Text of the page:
I was going to save my second Weeks to Geek post for tomorrow, give you good folks a day off. But tomorrow, I think I’ll wax poetic about being a late-bloomer where gym membership and physical fitness are concerned.
So this post will be two things. First, It’ll give you spots to watch for additional press about the Con. I’ll post more as they arise, and on the WCC Facebook Page. Second, it’ll give you images and a quotation from some of the creators I’ve had the honor to interview so far.
Wildcat Comic Con Print Press Spots to be on the lookout for:
As I gathered these quotations, I was struck–as it seems I am at least a dozen times a week–by what an amazing event this Comic Con is going to be. Following is just a smattering of the creators who’re coming to WCC, but each of these folks has an utterly unique perspective, and will add greater diversification to the already revolutionary discussion of comics that WCC has been designed around.
Anybody who’s close enough to Williamsport to come down for this would be a plain fool not to show up. Register and buy your tickets now at http://wildcatcomiccon.pct.edu.
“I’ve had that account since I was twelve. It’s not like I woke up one day and everybody knew my art, but [becoming internet famous] was still nice.”
“My book was not therapy. I’d already had therapy.” Read How I Made It To Eighteen
“I’m a story teller first and foremost. I like to tell stories with words and images. That’s the way I like to communicate my ideas. When I first started making comics, I only made them online. I started making comics in Graduate School.”
“in 1996, Netscape 1.0, I started thinking about how to put comics online.”
“Talking about the comics industry is a little like being the subverted wise man that’s touching up the Elephant’s ass, not realizing that’s not the trunk. It’s a much larger industry than people think.”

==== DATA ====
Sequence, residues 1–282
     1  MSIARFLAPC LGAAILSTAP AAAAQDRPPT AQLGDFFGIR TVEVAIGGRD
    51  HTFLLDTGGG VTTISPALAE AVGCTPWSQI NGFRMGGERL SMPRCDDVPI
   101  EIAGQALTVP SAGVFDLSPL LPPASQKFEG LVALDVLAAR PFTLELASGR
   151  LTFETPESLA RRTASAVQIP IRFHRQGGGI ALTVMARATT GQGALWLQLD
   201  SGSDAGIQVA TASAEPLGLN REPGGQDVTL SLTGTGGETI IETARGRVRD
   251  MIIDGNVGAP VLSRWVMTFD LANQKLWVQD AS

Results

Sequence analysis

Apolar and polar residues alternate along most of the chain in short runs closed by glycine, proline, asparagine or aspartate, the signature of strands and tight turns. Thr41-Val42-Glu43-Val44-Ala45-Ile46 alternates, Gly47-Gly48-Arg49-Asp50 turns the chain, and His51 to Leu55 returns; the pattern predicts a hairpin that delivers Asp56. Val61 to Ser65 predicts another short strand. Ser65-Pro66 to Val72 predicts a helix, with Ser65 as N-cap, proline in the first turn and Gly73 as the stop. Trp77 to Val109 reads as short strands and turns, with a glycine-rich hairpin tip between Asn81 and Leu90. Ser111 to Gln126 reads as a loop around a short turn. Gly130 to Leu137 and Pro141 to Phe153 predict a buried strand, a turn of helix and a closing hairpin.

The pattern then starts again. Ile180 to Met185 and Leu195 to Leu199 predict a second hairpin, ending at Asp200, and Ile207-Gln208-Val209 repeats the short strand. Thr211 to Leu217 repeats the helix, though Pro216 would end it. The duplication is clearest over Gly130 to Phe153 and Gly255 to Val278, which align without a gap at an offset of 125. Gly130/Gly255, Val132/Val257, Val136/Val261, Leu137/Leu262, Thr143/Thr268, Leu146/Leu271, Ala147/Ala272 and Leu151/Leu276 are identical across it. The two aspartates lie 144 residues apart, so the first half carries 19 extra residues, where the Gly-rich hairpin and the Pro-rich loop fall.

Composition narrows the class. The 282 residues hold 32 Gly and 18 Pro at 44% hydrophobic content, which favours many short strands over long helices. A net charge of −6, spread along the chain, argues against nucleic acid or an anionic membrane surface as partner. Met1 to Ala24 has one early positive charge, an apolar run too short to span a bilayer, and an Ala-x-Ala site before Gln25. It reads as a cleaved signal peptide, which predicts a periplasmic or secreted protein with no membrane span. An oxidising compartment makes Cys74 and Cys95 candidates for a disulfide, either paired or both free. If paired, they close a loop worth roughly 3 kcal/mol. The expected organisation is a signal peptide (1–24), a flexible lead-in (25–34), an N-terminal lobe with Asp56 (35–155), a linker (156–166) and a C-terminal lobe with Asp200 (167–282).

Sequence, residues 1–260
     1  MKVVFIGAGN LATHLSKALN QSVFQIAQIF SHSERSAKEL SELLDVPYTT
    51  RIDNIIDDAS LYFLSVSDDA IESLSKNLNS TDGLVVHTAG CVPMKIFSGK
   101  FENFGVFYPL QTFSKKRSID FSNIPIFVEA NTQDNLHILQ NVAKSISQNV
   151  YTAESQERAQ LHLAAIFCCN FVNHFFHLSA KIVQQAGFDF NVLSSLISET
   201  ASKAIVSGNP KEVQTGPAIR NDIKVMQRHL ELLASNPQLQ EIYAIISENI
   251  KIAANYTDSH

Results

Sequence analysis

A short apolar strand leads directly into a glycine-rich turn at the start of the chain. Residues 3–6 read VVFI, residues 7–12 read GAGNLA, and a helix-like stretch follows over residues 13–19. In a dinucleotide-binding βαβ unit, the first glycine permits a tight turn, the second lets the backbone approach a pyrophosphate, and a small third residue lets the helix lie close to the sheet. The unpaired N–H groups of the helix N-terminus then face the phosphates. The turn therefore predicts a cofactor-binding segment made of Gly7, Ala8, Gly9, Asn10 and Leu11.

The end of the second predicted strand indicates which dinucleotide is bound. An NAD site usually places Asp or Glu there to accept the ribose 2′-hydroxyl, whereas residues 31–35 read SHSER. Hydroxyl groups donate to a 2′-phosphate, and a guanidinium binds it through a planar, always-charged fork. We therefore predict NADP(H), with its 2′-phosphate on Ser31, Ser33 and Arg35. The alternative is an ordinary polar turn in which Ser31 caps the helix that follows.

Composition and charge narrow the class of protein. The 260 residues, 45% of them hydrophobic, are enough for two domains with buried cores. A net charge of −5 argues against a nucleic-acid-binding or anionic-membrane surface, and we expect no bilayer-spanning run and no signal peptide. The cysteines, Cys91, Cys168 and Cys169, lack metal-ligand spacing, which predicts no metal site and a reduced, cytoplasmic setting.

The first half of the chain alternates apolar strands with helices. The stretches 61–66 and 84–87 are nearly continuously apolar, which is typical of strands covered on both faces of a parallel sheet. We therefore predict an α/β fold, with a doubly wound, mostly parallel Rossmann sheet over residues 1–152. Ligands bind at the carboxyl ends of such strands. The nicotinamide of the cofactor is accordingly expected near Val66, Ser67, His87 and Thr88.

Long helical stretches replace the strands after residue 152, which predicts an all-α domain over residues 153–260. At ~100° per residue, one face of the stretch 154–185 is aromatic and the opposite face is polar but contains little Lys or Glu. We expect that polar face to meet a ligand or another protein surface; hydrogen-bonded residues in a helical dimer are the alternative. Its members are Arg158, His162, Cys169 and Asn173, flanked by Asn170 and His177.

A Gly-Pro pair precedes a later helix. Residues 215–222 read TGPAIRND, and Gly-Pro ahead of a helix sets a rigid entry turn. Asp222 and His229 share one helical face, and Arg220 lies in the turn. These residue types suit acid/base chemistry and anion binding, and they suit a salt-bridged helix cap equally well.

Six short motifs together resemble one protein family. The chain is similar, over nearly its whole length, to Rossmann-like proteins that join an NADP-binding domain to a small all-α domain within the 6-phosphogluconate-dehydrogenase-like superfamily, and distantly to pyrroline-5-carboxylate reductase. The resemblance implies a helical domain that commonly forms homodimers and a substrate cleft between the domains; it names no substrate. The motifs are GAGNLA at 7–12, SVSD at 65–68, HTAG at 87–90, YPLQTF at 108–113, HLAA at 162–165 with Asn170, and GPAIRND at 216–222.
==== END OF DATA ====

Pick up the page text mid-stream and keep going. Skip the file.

“Educational Comics Publishing is in a new place. I’m old enough to remember twenty years ago when they made a push to get comics into the class room, and there was a lot of resistance. Now educators are like, ‘if I can put something in front of a kid that makes him want to read, that is a good thing.'”
“It started with desire, like with anything else. Like when you dig something. I grew up with comics. I would go across the street to the news stand, when there were still news stands…They were my stories, my soap operas, for lack of a better term.”
“Harvey Pekar’s American Splendor that proved to me that you didn’t have to draw a company’s character–a Franchise Characters–you could write and draw and create your own characters and tell your own stories.”
“I wrote some comic books back in the ’90s, some very small press, nothing anybody would’ve heard of. I grew up at the comic book stand, and I always wanted to write comics, but it’s a very different discipline, a very different set of skills than people think.”
“Colleen is Colleen Doren. She is the artist on my graphic novel, Manga Man, which is the title that had John bring me to the Comic Con.”
“I’d have to say I’m kind of a proselytizer for comics in my consulting—in including them with all the other range of reading materials that can be used to teach literature and reading. Too often I hear comics referred to as material for “reluctant readers” and sometimes that can be true if the reader is a visual learner, but from my perspective comics are often a sophisticated and demanding literary form. My goal as an educational consultant is to empower teachers and administrators to become familiar and comfortable with the form that it can be used along with and side by side prose texts.”
“I’m just very engaged with comics about real life. I always get a little thrill when I see comics — a medium so closely identified in our country with escapism and fantasy — that deal with the real world and real issues. My fascination with this end of the comics universe began with Art Spiegelman’s MAUS, was stoked by Harvey Pekar’s AMERICAN SPLENDOR, enthralled by Joe Sacco’s many works of comics journalism, and captivated by great comics memoirists like Alison Bechdel, Marjane Satrapi, and Howard Cruse. I think the medium has so much power to engage with real-life topics, and there are endless amounts of such stories still to be told.”